by Ally Hutzler
According to a 2016 Pew Research Center study, millennials are much less likely than older Americans to pray or attend church regularly, or even to consider religion an important aspect of their lives.
And that number is growing, quickly. The religiously unaffiliated now account for nearly a quarter of the adult population, up from 16 percent in 2007.
Michael Hout, a professor of sociology at New York University, responded to this study stating that a large reason behind millennials losing their religion is that they are being raised by Baby Boomers who have expressed the importance of individuality and finding your own moral compass – a cultural idea that sometimes is directly at odds with organizations, like churches, who have a tradition of teaching and obedience.
Jessica Saio, a junior at Manhattan College and a practicing Catholic, agrees with Hout’s assessment of growing up in an era where self-identity and liberal thinking was extremely valued – a childhood that might be vastly different than our parents or grandparents.
“I think that we grew up differently and not in a conservative or traditional sense like older Americans,” she said. “Our country and the people in it are becoming more progressive and open minded to other views and opinions.”
Carolyn Crocker, a sophomore, also believes that we are being raised in a different way than our parents when it comes to religious matters.
“I feel that our generation is less religious because adults of the older generation forced it more. For at least my parents, going to church was just something you did, and you never questioned it. You just got up Sunday morning, put on nice clothes, and went to mass. I feel that our generation is more outspoken, and may start to question religion in general, leading them not to believe in it at all,” she said.
Crocker, a practicing Catholic, doesn’t always get the chance to attend services at Manhattan but when she returns home she goes to mass with her family every Sunday. She attributes the busy lives and time demands that college students face as one of the reasons they may not be able to attend mass or services regularly.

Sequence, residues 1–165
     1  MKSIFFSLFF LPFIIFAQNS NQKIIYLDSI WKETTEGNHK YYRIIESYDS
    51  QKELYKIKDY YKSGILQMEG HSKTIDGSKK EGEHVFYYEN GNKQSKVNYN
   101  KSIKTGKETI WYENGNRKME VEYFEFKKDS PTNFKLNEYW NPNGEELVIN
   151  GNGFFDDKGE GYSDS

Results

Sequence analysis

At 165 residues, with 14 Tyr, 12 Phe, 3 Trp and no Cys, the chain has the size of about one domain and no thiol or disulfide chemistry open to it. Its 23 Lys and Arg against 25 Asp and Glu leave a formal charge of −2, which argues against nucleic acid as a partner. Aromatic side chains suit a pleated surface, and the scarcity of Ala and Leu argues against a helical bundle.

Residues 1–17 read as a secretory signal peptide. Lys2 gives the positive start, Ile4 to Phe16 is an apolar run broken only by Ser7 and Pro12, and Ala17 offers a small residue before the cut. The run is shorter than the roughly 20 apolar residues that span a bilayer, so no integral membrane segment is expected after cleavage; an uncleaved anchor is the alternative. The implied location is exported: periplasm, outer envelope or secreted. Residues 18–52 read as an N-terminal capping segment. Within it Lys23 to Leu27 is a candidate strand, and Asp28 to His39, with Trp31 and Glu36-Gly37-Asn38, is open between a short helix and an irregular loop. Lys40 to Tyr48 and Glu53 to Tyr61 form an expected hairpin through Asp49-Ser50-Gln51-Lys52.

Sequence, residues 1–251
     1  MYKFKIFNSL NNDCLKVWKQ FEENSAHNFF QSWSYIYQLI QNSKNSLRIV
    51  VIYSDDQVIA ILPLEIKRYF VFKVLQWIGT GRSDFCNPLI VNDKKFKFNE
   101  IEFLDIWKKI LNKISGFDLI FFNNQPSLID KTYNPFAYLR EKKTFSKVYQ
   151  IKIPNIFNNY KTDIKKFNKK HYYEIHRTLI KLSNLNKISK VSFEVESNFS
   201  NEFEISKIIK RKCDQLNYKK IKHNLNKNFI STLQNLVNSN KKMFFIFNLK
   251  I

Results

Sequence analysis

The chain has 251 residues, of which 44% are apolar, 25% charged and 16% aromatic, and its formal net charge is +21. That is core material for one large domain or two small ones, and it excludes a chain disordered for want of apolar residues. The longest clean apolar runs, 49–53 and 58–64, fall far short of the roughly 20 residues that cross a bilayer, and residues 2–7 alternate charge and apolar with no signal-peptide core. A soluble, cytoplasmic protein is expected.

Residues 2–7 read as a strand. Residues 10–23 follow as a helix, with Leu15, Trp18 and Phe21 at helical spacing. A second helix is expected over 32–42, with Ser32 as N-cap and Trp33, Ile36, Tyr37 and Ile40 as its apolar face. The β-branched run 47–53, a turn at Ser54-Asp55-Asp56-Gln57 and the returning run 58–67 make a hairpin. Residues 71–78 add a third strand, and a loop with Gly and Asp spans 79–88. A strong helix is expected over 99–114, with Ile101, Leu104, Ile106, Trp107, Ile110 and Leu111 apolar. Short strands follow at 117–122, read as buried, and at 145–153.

Senior Max Whitwell has not taken part in a religious services since attending a Southern Baptist high school in North Carolina, but he has spent time engaging with both Catholicism and Islam while at MC. Yet, he doesn’t particularly view himself as religious.
“I’m very concerned with matters of spirituality and have borrowed or stolen enough useful things from a whole gamut of religions and spiritual or mystical practices to create a cosmic framework that gives me quietude,” he said.
However, Whitwell does not think the American public have left behind the needs that an institution like religion fulfills. He also believes that there is a possibility that we may get more religious as we age.
He does attribute the lack of religious interest or commitment among our generation to growing up in the age of information.
“Thanks to the Internet, it’s so easy to ask questions and find out new things. I mean, kids having been asking ‘why’ about the religious ideas for years, but we’re the first generation that could get a whole world’s worth of information on everything, so it’s just easier to not get married to a given set of concrete ideals,” he said.
Each of these students, like all of their classmates who will get their degree from Manhattan College, have to take three religion courses during their four years at our Lasallian, Catholic institution.
Crocker has only taken one religion class so far, and enjoyed it primarily because it “didn’t seem like they were shoving the school’s Catholic beliefs down our throats.”
While we did learn about [Catholicism], we also learned about different religions and their similarities and differences, and I found it interesting to see that all of these different religions, with all of their different Gods aren’t as different as we make them out to be,” she said.
Saio agrees, stating that she’s never felt the religion courses she has taken were “too religious” and that they “seemed to incorporate other cultural ideas and historical events.”
In the spring 2018 semester, the religious studies department is offering courses like “Death is a Fact of Life” and “Religion and Popular Culture.”
The department is also offering a class titled “Sexuality and the Sacred,” which according to it’s course catalog description will “examine the religious roots of our own cultural attitudes toward sexuality and sex roles.”
While the college does require these courses to be taken, Crocker believes Manhattan’s religiosity runs much deeper. She noted that many of our clubs and organizations both on and off campus are devoted to many different faiths and religions like the Muslim Student Association and Catholic Relief Services Student Ambassadors.
“Being that it is a Catholic college, all students have to take religion classes, but besides that, I feel that they offer a lot of different activities and events involving religion that can appeal to anyone.”
One thought on “We Are Losing Our Religion Study Shows Millennials May Be Least Religious Population Yet”
The decline of religion that has been noted in the United States has also been observed in other advanced countries, including Europe and Australia and New Zealand.
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